Blended Learning Approach Can Tackle Transitional Academic Challenges

07 Feb, 2018 |

Oman’s school graduates joining higher education face multiple transitional challenges due to a wide range of personal, cultural and academic conditions. They face challenges such as adjusting to a new sociocultural and physical environment of learning that features multicultural teaching and a coeducational academic system, a change in the medium of instruction, teaching methods and approaches, and different requirements of student competencies, literacies and skills, among other things. To facilitate the students’ academic transfer, improve their English language proficiency, digital literacy and learning skills, and help them better prepare for their upcoming specialization courses, the general foundation programs were designed according to Oman Academic Accreditation Authority (OAAA) standards and introduced in Oman’s tertiary education institutions in 2010. These programs have been viewed as pathways for Omani students into their future academic studies in a creative, co-operative and flexible environment in which students and staff can learn, grow and fulfill their potential.

In this regard, academics from the Centre for Preparatory Studies at SQU conducted a study to examine the transitional experiences Oman’s school graduates in relation to academic adjustment and performance in the English language and information technology components of the foundation programs. The study was particularly concerned with methodological, contextual and practical perspectives and factors, including the interrelations of these components and the extent of their correlation in terms of the learning outcomes specified by the standards and reflected in the materials used to address them. The English language and information technology faculty at the Centre for Preparatory Studies and its foundation program students comprised the pool of research participants.

Dr. Victoria Tuzlukova, from the Centre of Preparatory Studies who participated in this study, said that the study results indicate that Oman’s higher education sector and the foundation programs need to be better prepared in order to meet the adjustment needs of the students, and provide suitable support for their learning, performance transitional experiences. “The individual experiences of Omani students during their transition from school to higher education include challenges related to such aspects as socio-cultural issues, language issues, technology issues, issues with learning and content knowledge”, she noted.

The aspects related to technology, language and content include the students’ content, linguistic and digital literacies. Content literacy encompasses the content-specific literacy skills needed for the acquisition of new content in a given discipline; linguistic literacy is viewed as a constituent of linguistic knowledge, and digital literacy represents the ability to find, evaluate, utilize, share, and create content using information technologies and the internet. Another important concept in the study relates to the foundation program students’ confidence in their ability to employ the appropriate behavior needed to produce the preferred outcome in the contexts of constantly emerging and developing technology, and of tasks and activities related to the English language classes.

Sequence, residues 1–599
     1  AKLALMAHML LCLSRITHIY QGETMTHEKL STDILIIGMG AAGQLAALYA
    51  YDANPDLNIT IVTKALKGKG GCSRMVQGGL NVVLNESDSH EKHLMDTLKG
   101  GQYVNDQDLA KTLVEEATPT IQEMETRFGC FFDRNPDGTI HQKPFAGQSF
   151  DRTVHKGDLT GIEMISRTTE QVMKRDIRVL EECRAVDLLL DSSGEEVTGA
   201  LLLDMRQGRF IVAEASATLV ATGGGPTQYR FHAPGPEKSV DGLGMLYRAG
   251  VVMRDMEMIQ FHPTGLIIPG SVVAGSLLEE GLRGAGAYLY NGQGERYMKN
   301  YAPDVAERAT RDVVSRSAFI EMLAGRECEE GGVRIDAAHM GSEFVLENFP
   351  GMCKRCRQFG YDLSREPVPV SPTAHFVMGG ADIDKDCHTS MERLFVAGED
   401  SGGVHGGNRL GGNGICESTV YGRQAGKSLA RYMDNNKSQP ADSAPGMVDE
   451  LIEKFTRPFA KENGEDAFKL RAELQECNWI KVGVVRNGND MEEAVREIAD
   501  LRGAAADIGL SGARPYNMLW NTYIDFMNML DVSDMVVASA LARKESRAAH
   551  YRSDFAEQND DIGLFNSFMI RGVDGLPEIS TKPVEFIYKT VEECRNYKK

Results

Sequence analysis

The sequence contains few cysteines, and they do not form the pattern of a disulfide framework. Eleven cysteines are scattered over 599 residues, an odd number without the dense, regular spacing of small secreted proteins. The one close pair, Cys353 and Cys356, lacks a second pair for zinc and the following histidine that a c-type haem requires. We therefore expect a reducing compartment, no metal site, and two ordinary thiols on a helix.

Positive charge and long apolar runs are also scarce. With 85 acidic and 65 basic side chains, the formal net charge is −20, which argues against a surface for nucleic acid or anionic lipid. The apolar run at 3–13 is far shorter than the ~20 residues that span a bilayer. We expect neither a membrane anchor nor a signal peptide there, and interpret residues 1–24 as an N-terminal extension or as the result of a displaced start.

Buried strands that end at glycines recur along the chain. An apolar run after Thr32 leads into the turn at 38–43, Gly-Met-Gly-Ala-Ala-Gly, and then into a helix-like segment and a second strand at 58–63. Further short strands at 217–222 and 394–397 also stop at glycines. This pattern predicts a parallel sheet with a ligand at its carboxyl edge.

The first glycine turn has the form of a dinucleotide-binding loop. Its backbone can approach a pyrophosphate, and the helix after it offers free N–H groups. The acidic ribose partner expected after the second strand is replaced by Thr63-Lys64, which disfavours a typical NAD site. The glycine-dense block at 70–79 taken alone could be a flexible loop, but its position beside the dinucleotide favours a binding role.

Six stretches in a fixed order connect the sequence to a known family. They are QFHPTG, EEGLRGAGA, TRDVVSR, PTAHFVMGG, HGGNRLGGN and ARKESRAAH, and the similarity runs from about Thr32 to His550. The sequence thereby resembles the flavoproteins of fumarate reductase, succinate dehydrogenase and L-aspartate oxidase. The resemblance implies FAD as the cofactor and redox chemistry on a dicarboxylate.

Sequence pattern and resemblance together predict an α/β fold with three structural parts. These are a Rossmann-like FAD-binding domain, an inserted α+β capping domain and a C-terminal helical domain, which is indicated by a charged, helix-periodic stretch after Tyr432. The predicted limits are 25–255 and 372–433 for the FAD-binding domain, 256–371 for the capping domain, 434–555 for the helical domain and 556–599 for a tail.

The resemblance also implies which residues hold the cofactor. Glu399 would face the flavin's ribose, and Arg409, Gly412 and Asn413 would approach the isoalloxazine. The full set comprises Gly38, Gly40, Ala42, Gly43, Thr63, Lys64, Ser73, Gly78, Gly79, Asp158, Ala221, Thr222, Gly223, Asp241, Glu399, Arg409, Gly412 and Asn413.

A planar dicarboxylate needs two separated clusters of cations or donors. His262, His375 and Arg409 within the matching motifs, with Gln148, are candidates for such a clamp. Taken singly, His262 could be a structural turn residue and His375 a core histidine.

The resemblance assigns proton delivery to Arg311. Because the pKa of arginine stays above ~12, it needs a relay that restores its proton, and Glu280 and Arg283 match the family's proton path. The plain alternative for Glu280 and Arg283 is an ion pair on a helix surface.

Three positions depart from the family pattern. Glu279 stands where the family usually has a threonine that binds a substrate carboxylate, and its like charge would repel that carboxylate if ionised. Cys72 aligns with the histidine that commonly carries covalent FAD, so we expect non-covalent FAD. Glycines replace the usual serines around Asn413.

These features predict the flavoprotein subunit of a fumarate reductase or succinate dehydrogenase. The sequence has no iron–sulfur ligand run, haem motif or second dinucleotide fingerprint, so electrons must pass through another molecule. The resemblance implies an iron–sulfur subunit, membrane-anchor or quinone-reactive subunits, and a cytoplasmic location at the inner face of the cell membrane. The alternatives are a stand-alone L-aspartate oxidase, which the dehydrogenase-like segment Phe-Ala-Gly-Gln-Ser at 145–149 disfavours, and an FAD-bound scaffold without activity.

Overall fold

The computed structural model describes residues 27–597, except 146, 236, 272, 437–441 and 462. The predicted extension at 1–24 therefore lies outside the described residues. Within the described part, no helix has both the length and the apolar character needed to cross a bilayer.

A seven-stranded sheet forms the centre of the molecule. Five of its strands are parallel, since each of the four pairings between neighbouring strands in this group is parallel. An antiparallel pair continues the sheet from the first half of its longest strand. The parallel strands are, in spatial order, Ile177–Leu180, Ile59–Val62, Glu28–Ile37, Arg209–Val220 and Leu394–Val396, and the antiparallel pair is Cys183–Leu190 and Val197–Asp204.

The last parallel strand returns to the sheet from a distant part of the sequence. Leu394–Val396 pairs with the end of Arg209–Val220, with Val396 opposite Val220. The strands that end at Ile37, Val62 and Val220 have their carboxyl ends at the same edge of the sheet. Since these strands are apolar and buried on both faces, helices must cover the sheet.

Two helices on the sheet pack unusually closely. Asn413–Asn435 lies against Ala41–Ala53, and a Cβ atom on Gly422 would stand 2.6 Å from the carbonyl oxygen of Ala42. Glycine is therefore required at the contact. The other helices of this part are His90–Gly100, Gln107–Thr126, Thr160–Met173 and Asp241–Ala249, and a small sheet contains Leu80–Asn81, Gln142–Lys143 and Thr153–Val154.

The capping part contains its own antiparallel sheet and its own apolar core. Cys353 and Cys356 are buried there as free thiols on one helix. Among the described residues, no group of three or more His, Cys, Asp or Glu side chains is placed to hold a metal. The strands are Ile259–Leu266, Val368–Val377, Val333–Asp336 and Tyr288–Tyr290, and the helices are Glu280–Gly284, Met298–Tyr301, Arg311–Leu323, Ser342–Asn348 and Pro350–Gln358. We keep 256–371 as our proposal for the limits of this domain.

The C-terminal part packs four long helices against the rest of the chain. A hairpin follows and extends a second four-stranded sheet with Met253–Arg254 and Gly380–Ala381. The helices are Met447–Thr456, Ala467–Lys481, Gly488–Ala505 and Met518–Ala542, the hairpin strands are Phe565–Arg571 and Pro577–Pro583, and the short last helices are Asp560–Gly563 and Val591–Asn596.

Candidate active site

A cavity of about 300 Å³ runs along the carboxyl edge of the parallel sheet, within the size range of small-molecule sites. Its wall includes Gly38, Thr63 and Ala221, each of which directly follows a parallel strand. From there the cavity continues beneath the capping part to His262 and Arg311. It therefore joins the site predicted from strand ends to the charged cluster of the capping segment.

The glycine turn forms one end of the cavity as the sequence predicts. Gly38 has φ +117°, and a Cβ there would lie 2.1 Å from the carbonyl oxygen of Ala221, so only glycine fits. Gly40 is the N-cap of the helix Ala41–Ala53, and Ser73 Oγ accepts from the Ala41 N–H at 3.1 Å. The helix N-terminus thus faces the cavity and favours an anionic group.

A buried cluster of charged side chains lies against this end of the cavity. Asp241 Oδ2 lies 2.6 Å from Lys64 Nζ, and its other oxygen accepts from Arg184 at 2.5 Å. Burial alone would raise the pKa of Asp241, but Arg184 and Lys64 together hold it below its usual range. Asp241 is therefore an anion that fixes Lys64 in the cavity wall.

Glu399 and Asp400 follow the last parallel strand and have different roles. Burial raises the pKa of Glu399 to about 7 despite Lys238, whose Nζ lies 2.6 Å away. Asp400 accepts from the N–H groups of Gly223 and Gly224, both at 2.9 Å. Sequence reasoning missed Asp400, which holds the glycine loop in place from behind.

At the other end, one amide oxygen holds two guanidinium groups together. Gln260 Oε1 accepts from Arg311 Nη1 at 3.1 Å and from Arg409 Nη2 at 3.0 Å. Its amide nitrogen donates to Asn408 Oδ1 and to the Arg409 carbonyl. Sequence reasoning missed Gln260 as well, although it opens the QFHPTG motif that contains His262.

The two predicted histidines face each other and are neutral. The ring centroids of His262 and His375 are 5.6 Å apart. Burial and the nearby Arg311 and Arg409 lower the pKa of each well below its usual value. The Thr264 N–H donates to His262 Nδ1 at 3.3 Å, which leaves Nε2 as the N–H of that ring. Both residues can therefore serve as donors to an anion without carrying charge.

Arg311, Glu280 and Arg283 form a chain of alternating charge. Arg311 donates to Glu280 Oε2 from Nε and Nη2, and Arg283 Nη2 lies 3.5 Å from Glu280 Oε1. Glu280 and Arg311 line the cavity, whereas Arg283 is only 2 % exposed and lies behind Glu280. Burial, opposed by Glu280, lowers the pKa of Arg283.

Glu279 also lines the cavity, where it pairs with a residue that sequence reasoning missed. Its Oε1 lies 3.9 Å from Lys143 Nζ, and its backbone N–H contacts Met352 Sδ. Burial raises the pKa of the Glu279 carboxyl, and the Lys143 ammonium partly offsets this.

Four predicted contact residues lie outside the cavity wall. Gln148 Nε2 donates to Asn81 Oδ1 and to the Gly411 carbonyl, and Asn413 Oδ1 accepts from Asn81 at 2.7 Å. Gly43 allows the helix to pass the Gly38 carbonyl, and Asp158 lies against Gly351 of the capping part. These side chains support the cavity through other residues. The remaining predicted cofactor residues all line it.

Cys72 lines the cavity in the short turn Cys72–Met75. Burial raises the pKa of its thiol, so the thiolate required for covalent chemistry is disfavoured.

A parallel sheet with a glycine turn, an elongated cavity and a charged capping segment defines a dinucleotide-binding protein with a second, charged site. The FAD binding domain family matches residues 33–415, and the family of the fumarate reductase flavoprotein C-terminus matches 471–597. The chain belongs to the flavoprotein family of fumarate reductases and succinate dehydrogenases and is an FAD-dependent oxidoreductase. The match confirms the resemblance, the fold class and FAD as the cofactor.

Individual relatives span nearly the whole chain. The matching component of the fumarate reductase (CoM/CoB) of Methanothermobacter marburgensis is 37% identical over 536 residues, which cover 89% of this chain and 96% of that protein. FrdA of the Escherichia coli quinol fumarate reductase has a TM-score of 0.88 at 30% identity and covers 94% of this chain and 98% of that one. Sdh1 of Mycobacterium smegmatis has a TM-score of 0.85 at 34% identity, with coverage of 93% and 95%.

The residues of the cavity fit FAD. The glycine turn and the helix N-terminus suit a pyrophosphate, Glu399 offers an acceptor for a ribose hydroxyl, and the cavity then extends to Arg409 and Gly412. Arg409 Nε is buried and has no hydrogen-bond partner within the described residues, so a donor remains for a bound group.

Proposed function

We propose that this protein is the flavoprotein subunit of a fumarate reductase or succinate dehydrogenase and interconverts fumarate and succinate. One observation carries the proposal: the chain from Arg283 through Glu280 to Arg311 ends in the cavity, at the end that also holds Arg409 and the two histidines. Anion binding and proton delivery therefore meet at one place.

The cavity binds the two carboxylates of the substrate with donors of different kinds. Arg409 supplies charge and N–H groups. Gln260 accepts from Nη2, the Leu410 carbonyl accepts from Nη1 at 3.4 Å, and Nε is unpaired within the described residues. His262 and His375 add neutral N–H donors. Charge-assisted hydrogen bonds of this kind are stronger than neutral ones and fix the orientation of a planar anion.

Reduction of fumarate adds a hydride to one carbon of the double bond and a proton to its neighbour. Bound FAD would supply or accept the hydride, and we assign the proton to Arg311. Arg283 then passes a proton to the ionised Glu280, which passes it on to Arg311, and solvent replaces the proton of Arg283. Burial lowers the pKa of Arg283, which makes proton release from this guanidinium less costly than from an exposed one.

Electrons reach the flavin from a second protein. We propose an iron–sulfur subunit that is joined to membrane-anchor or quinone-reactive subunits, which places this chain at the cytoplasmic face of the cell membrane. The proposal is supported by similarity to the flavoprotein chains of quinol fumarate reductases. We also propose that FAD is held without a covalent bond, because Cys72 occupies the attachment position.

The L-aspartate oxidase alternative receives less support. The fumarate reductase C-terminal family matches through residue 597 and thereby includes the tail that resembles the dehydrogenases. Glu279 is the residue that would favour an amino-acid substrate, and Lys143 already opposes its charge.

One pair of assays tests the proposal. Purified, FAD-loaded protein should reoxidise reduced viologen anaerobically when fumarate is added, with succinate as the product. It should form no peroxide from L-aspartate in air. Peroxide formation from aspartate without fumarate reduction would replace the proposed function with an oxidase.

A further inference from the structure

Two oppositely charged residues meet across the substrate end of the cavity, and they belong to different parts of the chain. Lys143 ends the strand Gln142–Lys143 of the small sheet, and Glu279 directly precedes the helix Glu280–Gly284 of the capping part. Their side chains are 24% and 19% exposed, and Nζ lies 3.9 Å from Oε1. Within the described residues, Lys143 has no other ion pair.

Hranush Ginosyan from the Centre of Preparatory Studies, said that their study indicates that the foundation program is an excellent means of providing an induction to the academic environment and ensuring a transition from Arabic medium schools to English medium tertiary education. “It also has the potential to provide students with valuable learning experiences and enhance their language, computer and study skills”. However, existing transitional academic challenges which Omani foundation program students face, include inadequate language, computer and information technology skills that hinder their progress in their course work. To illustrate, the results indicate that many of the students surveyed demonstrated a level of general computer self-efficacy that is insufficient for the English language courses’ tasks and activities, and need improvement in word-processing, formatting, typing, editing, online information search skills and such essential study habits as the use of online resources for academic purposes. On the other hand, insufficient English language proficiency hinders the students’ progress in their information technology classes, and adds to their challenges, creating stressful and negative conditions within the classroom.

Dr. Victoria Tuzlukova added that the results of their study demonstrate that cross-disciplinary dialogue of the faculties of English language and information technology and a blended learning approach of using both online and in-person learning experiences in teaching can help students engage in course-specific tasks that require intense application of language and computer skills. “Such an approach should help the students improve their literacies and contribute to their adjustment to university life. These solutions will give students more opportunities to apply the necessary skills in a more balanced and effective way, and promote a positive teaching and learning environment in which students feel more comfortable and gain confidence, which is essential for foundation program students’ smooth transition to tertiary education”, she said.

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